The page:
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August, 2005:

Recipe for Evil

Yes! It came, it came! My henna mail came!

I mixed it up
tonight. 20g henna, 3 T lemon juice, 20g table sugar, and about 8 drops
tea tree oil. (I only meant to use 6 or 7 drops, but it just dripped so
fast…) Mash it all up in a ziploc baggie, put it in the fridge on a
paper towel, and hopefully I won’t have dye release until tomorrow
afternoon. Then I can henna all night long — yay!

This is
perfect. If I did everything right, then the design will be fully
oxidized in all its glory just in time for the rib cookoff in Reno.

I hope my essential oils come in the mail tomorrow. They smell nice. If
they don’t, I’m probably going to add ground clove and allspice to the
mix so it doesn’t smell like a moldy lemonade stand, lol. Which reminds
me — I need to get manly-smelling essential oils. I only got
girly-smelling ones.

Stay tuned for photos. And look out,
because after this… I’m planning on doing my hair! (Cue supervillian,
end-of-the-world chuckling.)

Henna

This is my new thing:


(image from the Henna Page)

No, not moldy crack. It’s henna! Properly applied, it should look something like this:


(image from the Henna Page)

The first time I did henna on myself, last Christmas, it turned out like this:

The stain was pretty dark, but the lines? Terribly chunky. And I also
didn’t realize that, should one henna one’s fingernails, it doesn’t
fade. Took six months for my nails to finally grow out, and for me to
stop getting horrified looks from people that assumed I’d been horribly
burned in a freak accident.

That was using a kit I bought from the Earth Henna Web site. (This Web site is cool because of their photos of naked henna chicks.) Now, armed with information — and samples! — from The Henna Page, I’m ready to try again.

The keys, apparently, are Mylar (the stuff shiny baloons are made out
of — as well as oven mits, space suits, and those crinkly emergency
blankets) and dextrose. If you roll a Mylar fattie — er, cone — and
fill it with henna, you can razor off the tip of the cone to make as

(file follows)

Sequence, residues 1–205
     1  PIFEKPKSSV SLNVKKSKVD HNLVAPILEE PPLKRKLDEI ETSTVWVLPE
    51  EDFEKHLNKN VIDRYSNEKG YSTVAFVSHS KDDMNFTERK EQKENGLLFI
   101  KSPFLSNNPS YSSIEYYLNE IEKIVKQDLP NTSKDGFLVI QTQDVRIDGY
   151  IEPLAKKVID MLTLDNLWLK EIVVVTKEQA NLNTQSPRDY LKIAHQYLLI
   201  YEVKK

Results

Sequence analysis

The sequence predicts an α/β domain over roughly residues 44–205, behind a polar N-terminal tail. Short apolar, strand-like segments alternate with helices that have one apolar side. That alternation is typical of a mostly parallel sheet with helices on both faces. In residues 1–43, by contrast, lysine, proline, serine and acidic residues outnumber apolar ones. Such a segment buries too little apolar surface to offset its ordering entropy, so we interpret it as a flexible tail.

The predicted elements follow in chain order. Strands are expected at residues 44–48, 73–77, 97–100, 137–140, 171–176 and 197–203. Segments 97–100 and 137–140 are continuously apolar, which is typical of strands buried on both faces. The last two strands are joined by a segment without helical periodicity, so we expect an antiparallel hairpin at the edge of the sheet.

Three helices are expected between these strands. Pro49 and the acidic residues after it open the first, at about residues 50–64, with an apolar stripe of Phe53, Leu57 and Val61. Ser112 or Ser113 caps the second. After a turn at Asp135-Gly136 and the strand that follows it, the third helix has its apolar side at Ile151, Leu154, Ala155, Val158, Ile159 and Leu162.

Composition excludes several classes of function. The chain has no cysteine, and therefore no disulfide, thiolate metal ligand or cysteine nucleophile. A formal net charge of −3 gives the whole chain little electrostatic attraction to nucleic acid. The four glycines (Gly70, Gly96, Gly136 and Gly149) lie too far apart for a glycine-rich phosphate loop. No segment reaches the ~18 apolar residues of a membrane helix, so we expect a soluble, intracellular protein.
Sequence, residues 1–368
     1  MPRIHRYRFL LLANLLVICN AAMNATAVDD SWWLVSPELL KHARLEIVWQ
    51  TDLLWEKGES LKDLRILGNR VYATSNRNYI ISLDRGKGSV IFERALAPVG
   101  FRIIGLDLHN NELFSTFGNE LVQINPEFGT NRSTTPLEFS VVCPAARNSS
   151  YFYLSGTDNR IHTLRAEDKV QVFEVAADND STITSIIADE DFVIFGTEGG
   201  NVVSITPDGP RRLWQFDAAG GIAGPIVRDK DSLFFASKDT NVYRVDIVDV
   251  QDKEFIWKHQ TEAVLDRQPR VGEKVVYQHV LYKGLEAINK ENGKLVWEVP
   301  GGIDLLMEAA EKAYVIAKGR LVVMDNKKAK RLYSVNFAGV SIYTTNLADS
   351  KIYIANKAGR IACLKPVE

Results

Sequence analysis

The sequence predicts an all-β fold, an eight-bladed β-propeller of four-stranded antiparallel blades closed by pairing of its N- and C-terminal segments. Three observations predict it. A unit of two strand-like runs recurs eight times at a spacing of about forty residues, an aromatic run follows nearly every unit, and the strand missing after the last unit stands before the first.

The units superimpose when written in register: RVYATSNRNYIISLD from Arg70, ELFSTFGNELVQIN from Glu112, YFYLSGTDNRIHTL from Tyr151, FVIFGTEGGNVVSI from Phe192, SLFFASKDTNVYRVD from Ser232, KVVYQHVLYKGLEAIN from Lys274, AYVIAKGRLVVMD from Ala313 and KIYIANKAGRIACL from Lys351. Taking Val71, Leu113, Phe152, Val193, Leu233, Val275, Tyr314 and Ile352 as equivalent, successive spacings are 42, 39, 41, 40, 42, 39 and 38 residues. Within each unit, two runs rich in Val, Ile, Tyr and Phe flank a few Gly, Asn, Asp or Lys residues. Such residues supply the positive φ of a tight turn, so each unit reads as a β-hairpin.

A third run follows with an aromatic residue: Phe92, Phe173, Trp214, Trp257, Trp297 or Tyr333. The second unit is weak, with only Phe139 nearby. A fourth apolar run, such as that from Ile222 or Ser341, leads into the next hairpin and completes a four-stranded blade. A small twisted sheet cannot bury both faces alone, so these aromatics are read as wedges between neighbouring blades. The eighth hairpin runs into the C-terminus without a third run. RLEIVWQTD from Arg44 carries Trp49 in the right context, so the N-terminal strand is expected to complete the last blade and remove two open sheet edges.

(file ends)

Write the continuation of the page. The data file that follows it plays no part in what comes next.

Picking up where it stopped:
thick or thin of a line as you need. The dextrose is just corn sugar, a
monosaccharide that makes the henna more pliable and easier to apply.
Plain old table sugar works too, but "dextrose" sounds way more mad
scientist.

I think the first time I saw henna was on my Indian
coworker after she came back from visiting her husband and family. She
was hands-down one of the sweetest people I’ve ever met. Even though
the henna on her palms had faded to a burnt orange color by the time
she returned to work, it was still beautiful!

The second time
I saw henna was in Morocco. Morocco, Orlando — as in, the Epcot Center
Morocco, at a little kiosk across from a restaurant that usually had a
guy in a Genie costume from Disney’s Aladdin hanging around. The henna
artist looked terribly bored, probably because she was sick of doing
henna "tatoos" of butterflies and flowers on pre-teen girls’ midrifts.
She did my hand and arm for me, but it didn’t turn out too well,
because I immediately started picking at it, instead of letting it set
for the 4-8 hours it usually needs.

This time around, when I
get my new stuff in the mail, I want to do my feet and legs in nifty,
yoga-inspired patterns. That way I’ll have something to cheer me up
when I go back to doing yoga again, and I’m sitting there trying to get
my index fingers around my big toes and failing miserably.

Ooh, ooh, I know — I’ll do a Japanese theme, and do "ganbare" on my toes. LOL.

Anyway, if you’re a geek like me, you should totally read up on henna at The Henna Page.
It talks about the culture and history behind henna over many cultures,
India and Africa being two big ones. It talks about the chemistry of
henna, and how certain ingredients react with the powder to release its
dye. Naturally, it gives you plenty of step-by-step henna how-tos, and
lots of patterns you can use. And it even has some of that Myth Busters
trial-and-error element, because the author of the page has tested mix
after mix of henna ingredients, disproving the effects of some and
creating whole new recipes using others.

So, that’s my new "thing." I’ll let you know how it turns out!